I have scoured what is available online for Cambrian and early Ordovician coral in MN An image search returns my own photos. :(

If you can find stuff that is pertinent to our area, it invariably uses outdated terminology for the formations. I can find stuff on my St Croixan series faunas, but it requires a lot of detective work to figure out the correct ages and name of the fossils. ie- cryptozooan = stromatolites Tryblidiida *= monoplacophora

*link to excellent article which should be bookmarked for all Minnesota fossil hunters.

Wooster geologists has the best images, and the following reference list that sounds promising.

Elias, R.J. 1983. Middle and Upper Ordovician solitary rugose corals of the Cincinnati Arch region. United States Geological Survey Professional Paper 1066-N: 1-13.

Elias, R.J. 1989. Extinctions and origins of solitary rugose corals, latest Ordovician to earliest Silurian in North America. Fossil Cnidaria 5: 319-326.

Nicholson, H.A. 1875. Description of the corals of the Silurian and Devonian systems.Ohio Geological Survey Report, v. 2, part 2, p. 181-242.

Patzkowsky, M.E. and Holland, S.M. 2007. Diversity partitioning of a Late Ordovician marine biotic invasion: controls on diversity in regional ecosystems. Paleobiology 33: 295-309.

I am particularly interested in the marine invasion paper. The invaders are well documented, but the native Cambrian and Early Ordovician species are not.

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Bev,

While your specimen is definitely a solitary rugosan coral, I doubt you'll be able to get a confident ID on it. It's very worn and some critical pieces, such as the very early growth stages (located at the very tip of a complete horn coral) and the calyx (at the top, where the living coral animal was located) are missing. At a minimum, a confident ID would require you to prepare both transverse and longitudinal thin sections at several stages of the development of the coral.

Some genera can be excluded at this point, Grewingkia has long septa that meet at the middle of the coral and anastomatize to form a spongy columella that occupies at least half the total diameter of the coral. You would be able to see this in your specimen, and it is not there. Other genera, such as Lobocorallium and Dieracorallium have septa that are enlarged so they form a solid mass that fills the entire volume of the coral, except for the earliest growth stages. They are also markedly trilobate (3 lobes in cross section). Your specimen doesn't fit that description. Bighornia has septa that also fill the coral, but it is highly flattened on one side and has a small but prominent lens-shaped columella in the middle. Again this seems different from your specimen.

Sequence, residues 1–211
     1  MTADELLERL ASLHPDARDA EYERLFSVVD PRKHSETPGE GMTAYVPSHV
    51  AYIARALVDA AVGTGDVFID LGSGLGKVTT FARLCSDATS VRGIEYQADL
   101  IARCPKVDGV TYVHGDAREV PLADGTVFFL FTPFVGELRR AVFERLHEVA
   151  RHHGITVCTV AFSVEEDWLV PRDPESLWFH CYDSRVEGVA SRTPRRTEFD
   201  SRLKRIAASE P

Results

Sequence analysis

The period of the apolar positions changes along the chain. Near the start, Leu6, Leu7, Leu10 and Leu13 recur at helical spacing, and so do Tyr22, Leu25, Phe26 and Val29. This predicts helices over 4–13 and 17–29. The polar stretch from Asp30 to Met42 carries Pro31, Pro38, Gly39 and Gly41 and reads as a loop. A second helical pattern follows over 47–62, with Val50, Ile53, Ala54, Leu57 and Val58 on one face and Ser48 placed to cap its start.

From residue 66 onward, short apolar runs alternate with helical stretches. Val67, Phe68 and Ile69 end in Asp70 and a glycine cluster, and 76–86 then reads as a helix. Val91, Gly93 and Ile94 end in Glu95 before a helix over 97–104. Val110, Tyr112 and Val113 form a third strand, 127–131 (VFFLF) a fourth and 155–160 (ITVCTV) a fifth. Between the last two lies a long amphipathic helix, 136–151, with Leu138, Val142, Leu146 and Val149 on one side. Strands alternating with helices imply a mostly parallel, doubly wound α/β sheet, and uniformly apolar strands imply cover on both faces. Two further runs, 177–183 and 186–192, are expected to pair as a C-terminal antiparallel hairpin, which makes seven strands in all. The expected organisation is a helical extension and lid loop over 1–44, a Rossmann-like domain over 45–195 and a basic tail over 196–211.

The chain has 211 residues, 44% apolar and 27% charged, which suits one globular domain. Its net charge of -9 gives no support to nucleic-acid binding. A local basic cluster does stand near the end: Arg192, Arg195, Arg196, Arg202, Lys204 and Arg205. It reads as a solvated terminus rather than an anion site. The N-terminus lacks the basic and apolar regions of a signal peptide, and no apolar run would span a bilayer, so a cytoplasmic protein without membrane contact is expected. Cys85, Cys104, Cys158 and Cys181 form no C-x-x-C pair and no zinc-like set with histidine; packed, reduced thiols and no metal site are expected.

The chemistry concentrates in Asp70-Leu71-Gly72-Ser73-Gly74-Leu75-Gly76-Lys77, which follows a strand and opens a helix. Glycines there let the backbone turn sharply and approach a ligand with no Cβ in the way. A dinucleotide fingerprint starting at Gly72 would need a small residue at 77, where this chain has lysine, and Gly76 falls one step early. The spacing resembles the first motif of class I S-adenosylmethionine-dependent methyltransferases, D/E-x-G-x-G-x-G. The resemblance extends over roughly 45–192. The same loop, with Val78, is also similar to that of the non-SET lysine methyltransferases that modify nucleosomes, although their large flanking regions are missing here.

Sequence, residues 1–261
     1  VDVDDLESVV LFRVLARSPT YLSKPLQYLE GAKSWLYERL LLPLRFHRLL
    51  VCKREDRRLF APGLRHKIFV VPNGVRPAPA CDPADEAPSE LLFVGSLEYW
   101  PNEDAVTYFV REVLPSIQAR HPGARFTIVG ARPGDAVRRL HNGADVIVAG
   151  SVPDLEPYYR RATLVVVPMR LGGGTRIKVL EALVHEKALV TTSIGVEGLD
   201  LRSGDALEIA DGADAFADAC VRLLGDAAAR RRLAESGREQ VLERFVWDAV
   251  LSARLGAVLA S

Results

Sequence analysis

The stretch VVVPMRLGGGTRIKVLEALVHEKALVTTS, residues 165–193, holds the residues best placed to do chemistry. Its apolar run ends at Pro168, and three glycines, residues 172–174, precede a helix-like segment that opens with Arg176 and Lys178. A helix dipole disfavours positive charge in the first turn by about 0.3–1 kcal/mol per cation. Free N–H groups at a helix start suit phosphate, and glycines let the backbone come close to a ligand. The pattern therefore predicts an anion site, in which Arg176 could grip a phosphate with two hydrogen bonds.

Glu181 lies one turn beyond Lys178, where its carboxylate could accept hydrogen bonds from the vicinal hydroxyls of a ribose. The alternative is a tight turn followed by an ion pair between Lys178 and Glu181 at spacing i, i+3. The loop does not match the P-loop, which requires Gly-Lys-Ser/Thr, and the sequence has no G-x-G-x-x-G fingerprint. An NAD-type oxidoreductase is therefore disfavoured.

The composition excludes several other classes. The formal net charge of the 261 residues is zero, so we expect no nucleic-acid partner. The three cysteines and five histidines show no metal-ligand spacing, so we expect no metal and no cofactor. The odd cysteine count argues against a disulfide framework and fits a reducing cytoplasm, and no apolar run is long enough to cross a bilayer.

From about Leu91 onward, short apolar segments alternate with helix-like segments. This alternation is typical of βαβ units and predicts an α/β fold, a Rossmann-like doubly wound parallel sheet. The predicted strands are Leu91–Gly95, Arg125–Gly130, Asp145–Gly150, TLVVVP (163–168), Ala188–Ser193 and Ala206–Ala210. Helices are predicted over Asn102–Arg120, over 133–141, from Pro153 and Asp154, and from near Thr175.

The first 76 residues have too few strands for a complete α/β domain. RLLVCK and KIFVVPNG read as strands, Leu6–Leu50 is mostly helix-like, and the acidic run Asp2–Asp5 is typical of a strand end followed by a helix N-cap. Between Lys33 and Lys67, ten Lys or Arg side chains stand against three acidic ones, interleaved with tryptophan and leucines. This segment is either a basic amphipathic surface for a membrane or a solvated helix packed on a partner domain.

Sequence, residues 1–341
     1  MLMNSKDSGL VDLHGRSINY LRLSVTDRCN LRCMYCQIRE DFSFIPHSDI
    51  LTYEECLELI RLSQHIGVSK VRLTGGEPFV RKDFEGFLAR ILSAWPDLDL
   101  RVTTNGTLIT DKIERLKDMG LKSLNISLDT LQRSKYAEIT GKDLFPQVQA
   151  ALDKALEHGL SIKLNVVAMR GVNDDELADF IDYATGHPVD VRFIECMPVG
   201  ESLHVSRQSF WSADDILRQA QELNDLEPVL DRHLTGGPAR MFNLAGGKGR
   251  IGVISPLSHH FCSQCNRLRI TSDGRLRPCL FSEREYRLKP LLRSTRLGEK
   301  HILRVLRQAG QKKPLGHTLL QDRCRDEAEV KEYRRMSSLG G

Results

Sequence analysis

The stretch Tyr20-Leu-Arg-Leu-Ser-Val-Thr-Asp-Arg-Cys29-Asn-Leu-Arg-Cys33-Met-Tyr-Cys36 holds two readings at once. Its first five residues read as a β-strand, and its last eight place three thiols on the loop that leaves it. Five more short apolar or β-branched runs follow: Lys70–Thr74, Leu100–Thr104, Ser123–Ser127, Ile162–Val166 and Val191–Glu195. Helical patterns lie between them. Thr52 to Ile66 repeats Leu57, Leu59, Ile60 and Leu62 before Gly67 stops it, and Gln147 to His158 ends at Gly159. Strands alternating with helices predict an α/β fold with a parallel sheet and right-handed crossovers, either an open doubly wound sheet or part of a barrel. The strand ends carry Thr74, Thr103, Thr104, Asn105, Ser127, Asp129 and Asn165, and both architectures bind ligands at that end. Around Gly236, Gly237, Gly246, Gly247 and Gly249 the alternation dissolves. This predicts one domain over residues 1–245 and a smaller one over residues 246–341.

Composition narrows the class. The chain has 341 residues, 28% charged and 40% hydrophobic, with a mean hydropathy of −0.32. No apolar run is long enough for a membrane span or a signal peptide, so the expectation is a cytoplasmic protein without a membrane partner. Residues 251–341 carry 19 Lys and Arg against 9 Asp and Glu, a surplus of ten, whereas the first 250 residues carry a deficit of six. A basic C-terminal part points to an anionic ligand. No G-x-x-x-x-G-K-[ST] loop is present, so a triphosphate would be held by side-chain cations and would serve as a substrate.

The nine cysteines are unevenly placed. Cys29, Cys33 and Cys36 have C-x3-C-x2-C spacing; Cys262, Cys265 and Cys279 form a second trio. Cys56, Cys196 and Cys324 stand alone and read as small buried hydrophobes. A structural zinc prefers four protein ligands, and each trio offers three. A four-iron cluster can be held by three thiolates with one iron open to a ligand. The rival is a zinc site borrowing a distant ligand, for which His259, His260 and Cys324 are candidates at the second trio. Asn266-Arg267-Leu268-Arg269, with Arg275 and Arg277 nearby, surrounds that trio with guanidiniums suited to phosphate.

On the other hand there are several species of Streptelasma and Helicilasma that occur in the Upper Ordovician. Helicilasma differs from Streptelasma in that, in the earliest growth stages the septa are dilated and fill the body of the coral (almost no space between septa), compared to Streptelasma where the septa are thin (not dilated) at all growth stages. In both genera the septa do not reach the middle, or reach but form a very loosely organized columella. Your coral could be either genus, and there are several species in each genus.

We should also consider the possibility that your specimen is a small piece of a phaceloid colonial rugose coral such as Paleophyllum or some species of Favestina. Phaceloid coral colonies are made up of individual corallites that are not in contact, so each corallite is a separate tube. Your specimen could be a piece of one corallite from such a colony.

All of the genera I mentioned occur in the Upper Ordovician, either in the Galena or Maquoketa, or in correlative formations such as the Stoney Mountain Formation in Manitoba and Wyoming.

Don

Edited by FossilDAWG
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Tethys,

Solitary rugosans with mineralized skeletons appeared in the Middle Ordovician, starting with very simple cones with short septa but no tabulae or dissepiments. In North America the earliest rugosan coral is Lambeophyllum, which is common in some early Middle Ordovician limestones. Similar forms appeared almost simultaneously in what is now Russia and Australia. A very few Late Cambrian coral-like fossils have been reported, but these are very small and were found by etching limestone in acid and picking out microscopic silicified fossils. This is why you are not finding references to Cambrian and Early Ordovician corals in your area (or any area).

The specimen in your photo has no features that would identify it as a coral. Specifically, it lacks a corallite wall (a shell layer around the outside), septa (partitions that start at the outer wall and extend at least some distance into the interior), or tabulae (horizontal partitions). To be frank I don't see anything in the photos that convinces me the specimen is a fossil, as it seems to lack any distinctive internal structure and it has no symmetry (not bilateral, not radial). It could be something like a sponge I suppose.

Don

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I believe it is a cylindrical stromatoporoid . This is Aulacera (Breatricea) undulata. U.Ordovician of KY. Forgot scale largest is 1.5" wide x 2" long.post-2520-0-35315500-1400020880_thumb.jpgpost-2520-0-18755000-1400020892_thumb.jpg

Edited by Herb

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Thank you Don and Herb. :)

That explains why my fossil list completely omits coral.

It lists several sponges, and stromatoporoids in general, but no mention of a cylindrical growth form.

It could be either of those, or a calcifying algae. I don't know enough of the fine details of morphology to identify it beyond that point. Algal-strome reef complex and associated fauna is well documented from several Cambrian strata and the Early Ordovician limestone in the St. Croix river valley.

I wish I could capture the fine surface patterns of my specimen, and the spiral growth form.

It looks like a cup in a segmented armored plate thallus from both ends, it spirals, has odd wart like protuberances and very fine surface patterns of raised donuts in well defined transverse bands. The warts are segmented and have a pin-prick sized X shaped slit with a circle at the ends of the x in each segment.

I tried a search with those details and came up with Lithothamnion as a good match for an algae. Trying to search the literature on Cambrian fossil algae just keeps slamming me into paywalls, and its far too nice outside to hang out on-line. The garden will not plant itself. :)